Nestled at the far end of the continent, Spain and Portugal are some of the least-visited countries in Western Europe by English-speaking tourists. This is the reason why both countries have managed to preserve numerous unique traditions not typical for other popular travel destinations. Here you can read the most useful travel tips for visiting Spain and Portugal that will help you to have less stress and make your trip a real pleasure.
Weather & clothing
What to pack and when to travel
Spring and early autumn are considered the best time to travel to Spain and Portugal, as summer crowds are thinning out and the temperatures are mild for pleasant outdoor pastimes. However both destinations welcome tourists all year round. Summer is the ideal season for those seeking for an excellent beach recreation, while late autumn and winter are a great time to explore the extreme south and the Mediterranean coast. When planning your trip to Spain, don’t forget about the traditional siesta when most shops and businesses shuts down from about 2pm until 5pm, while bars and restaurants are closed from about 4pm until 8-9pm.
In big cities people tend to look more smart casual, whereas seaside resort dress code allows to wear more relaxed laidback clothes. A safe choice for any destination is a pair of jeans and shorts, comfortable shoes and classic flats, light mid-length skirts and dresses for women, and shirts or lightweight pullovers for men. If you are going to travel in autumn-winter season, don’t forget to take a coat, a scarf and an umbrella - although winters here are much warmer than in Northern Europe, they still can be pretty cool and windy. Sunglasses are an absolute must throughout the year since the sun in Spain and Portugal is always very bright.
Weather averages in Madrid
Weather averages in Barcelona
Weather averages in Lisbon
Money & ATMs
Situation with currencies & cash
Like most other European nations, Spain and Portugal use the euro (EUR) as the official currency. We recommend to bring your money in the form of debit or credit cards, as they are accepted almost everywhere. However make sure to have some extra cash (from 50 to 200 euros) in case of an emergency. It's always a good idea to keep different means of payment separately and not to carry all the money with you while going sightseeing or shopping.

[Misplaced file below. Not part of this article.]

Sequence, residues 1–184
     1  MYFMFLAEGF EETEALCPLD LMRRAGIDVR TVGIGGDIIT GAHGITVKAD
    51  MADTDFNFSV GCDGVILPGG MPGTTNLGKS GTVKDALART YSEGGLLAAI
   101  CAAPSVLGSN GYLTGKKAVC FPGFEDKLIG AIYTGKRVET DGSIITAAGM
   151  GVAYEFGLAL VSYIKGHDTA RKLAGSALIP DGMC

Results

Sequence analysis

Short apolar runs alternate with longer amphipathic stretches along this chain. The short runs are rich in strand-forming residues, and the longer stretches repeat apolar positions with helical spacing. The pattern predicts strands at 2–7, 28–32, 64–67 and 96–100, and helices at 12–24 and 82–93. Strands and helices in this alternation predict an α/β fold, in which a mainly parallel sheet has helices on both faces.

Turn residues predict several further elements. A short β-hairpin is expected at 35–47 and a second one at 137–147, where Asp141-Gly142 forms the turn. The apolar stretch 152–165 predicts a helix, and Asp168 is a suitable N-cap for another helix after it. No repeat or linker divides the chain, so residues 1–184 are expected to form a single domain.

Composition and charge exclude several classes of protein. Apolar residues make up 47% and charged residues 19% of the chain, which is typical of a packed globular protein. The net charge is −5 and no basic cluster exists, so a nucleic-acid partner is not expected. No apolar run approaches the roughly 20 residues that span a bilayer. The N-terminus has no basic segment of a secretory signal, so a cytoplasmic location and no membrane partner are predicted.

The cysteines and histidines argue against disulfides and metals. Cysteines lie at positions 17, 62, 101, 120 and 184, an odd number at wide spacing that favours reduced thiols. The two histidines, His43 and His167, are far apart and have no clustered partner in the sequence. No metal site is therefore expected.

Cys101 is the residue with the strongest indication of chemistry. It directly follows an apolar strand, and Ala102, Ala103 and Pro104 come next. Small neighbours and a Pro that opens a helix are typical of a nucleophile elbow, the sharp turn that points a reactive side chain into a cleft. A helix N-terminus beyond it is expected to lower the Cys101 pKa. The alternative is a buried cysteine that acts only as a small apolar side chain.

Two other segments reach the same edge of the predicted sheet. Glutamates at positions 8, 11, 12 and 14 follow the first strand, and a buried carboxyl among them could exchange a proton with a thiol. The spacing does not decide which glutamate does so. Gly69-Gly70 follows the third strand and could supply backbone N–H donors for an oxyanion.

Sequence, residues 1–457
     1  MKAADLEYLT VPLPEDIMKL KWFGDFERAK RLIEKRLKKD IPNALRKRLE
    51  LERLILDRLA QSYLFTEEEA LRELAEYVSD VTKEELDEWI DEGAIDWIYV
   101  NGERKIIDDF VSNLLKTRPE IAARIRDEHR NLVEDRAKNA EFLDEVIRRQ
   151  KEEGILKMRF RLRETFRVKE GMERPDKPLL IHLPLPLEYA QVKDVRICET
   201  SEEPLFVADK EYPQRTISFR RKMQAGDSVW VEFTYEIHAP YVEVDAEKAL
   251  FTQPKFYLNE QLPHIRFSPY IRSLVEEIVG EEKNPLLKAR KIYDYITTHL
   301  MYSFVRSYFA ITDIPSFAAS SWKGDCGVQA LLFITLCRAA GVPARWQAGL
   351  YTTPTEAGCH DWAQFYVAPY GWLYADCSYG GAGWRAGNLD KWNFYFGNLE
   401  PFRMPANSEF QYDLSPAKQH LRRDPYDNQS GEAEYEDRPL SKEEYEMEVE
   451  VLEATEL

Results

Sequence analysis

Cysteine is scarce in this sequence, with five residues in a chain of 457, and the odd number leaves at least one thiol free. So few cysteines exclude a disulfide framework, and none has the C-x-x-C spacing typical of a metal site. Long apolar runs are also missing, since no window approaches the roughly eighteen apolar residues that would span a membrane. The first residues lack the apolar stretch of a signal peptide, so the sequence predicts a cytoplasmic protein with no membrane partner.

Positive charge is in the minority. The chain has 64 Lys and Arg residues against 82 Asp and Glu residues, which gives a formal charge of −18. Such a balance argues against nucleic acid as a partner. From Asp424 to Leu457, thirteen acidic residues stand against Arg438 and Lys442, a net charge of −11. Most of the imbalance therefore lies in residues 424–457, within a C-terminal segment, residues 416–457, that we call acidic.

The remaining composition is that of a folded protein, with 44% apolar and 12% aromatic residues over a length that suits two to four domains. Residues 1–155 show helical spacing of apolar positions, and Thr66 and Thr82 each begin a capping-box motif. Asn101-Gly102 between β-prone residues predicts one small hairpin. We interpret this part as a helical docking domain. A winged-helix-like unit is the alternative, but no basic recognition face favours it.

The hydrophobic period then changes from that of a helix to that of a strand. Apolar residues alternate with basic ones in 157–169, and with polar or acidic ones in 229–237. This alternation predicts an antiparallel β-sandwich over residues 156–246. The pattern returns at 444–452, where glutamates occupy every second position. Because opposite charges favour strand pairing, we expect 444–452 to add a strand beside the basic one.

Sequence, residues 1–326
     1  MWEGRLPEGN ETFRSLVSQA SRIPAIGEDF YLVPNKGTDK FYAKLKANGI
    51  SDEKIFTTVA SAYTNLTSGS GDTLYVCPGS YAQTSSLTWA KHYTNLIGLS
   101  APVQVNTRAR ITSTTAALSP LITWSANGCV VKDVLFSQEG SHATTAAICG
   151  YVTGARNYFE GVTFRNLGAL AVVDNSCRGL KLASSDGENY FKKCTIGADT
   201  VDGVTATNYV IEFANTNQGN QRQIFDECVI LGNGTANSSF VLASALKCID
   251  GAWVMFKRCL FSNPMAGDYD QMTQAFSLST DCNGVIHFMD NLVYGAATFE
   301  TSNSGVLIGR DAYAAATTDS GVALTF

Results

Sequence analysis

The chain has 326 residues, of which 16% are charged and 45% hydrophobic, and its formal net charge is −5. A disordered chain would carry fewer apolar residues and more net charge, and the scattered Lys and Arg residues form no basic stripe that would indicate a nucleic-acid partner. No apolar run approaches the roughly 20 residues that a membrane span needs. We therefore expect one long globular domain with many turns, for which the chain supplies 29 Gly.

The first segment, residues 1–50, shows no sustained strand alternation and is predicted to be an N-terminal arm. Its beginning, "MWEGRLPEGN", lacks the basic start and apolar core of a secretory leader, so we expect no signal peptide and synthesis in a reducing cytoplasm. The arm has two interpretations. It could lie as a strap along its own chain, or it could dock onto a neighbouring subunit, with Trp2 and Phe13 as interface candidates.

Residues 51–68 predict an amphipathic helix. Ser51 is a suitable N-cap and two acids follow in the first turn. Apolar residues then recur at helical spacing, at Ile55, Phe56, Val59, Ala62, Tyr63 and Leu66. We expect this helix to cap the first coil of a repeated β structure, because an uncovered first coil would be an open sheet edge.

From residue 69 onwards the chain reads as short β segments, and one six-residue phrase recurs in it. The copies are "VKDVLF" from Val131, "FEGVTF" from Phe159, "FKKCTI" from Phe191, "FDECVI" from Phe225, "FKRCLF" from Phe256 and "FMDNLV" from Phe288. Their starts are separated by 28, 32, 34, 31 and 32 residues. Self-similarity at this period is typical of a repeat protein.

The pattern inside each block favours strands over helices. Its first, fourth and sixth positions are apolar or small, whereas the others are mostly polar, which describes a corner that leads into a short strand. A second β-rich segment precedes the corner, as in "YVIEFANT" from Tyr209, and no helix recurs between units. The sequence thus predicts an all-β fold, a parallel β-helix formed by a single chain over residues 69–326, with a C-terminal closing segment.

The most convenient way to get cash in Spain and Portugal is to withdraw it from ATMs. Although your home and foreign banks can charge fees and set daily limits for ATM cash withdrawals (please check with your bank before you go abroad), it’s still more profitable than to exchange money in banks or currency exchange offices, as they are free to set their own rates and commissions that sometimes can be really huge.
Average cost of meals
Spain and Portugal are among the cheapest countries to travel in Europe, however they are no longer an extraordinary bargain that they used to be several years ago. Light snacks and tapas cost about €3-7, a cup of coffee is about €2-4 and a glass of wine is €3-5. An average meal in a good local restaurant will cost €12-20, while a check in an expensive restaurant starts from €35 and then only sky is the limit. Keep in mind that most restaurants have a cheap menu of the day (menú del día or ementa do dia) costing around €7-9, that is a great way to save money and taste traditional Spanish and Portuguese food.
Giving tips to guides & drivers
Tipping in Spain and Portugal is almost always optional, however it is considered polite to leave several extra euros if the service is good or helpful. The norm here is to round up the bill to the nearest euro for bars and taxis, leave a couple of euros for other services (e.g. luggage delivery or room cleaning) and tip standard 5–10% of the bill in restaurants (but only if the service was worth it).
How to blend in with the locals
Most globetrotters are usually surprised at how few Spaniards and Portugueses speak English compared to other countries of the European Union. But don’t be afraid, English is widely spoken in all major cities and tourist areas by industry workers and younger generations. Keep in mind that people of Spain and Portugal are very proud of their cultures and they will appreciate if you make an effort to pronounce a couple of words in their native language, especially such important ones as 'thank you' - 'gracias' [ˈɡraθjas] - 'obrigado' [obriˈɡadu] and 'please' - 'por favor' [porfa’vor]. And don’t worry about making mistakes: Spaniards and Portugueses are very polite and friendly people who will do their best to understand you and to make sure you understand them.
Charging your phone & camera
Both Spain and Portugal use standard European outlets with two round pins and the voltage of 220V, so make sure to take a 110V to 220V adapters or outlet converters with you.
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